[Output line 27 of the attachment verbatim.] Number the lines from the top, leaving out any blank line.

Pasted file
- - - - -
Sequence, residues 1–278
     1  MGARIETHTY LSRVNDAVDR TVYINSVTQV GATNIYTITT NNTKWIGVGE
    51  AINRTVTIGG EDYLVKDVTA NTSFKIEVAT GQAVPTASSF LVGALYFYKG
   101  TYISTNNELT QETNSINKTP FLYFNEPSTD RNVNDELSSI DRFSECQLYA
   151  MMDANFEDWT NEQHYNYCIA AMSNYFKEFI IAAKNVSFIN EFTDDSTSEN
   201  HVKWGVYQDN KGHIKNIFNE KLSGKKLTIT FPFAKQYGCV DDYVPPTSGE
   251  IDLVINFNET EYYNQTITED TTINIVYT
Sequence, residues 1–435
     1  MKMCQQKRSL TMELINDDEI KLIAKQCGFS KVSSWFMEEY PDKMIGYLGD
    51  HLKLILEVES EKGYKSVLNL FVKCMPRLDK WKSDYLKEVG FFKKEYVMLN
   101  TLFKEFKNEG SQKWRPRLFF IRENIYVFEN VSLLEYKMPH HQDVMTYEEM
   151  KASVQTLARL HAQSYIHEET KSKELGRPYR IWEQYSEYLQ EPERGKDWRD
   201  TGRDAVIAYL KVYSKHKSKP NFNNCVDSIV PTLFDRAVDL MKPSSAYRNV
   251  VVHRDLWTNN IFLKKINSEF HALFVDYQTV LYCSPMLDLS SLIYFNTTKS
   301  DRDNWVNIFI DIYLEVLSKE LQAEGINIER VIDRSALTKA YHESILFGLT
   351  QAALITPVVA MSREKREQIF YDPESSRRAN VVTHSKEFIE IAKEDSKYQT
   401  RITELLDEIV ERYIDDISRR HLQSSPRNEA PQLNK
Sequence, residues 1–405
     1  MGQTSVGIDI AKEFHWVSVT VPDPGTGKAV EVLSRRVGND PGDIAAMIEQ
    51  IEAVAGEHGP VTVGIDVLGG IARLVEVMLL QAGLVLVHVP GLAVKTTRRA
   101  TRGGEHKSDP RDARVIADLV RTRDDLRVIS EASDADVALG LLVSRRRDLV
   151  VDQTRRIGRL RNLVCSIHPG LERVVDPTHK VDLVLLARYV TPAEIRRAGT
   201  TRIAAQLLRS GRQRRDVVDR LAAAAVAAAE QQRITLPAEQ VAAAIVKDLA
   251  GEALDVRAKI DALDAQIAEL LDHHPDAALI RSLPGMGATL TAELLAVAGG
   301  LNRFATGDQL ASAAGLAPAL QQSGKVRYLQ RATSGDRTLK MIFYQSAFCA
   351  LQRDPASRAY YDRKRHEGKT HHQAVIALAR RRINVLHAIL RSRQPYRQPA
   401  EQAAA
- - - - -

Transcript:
   401  EQAAA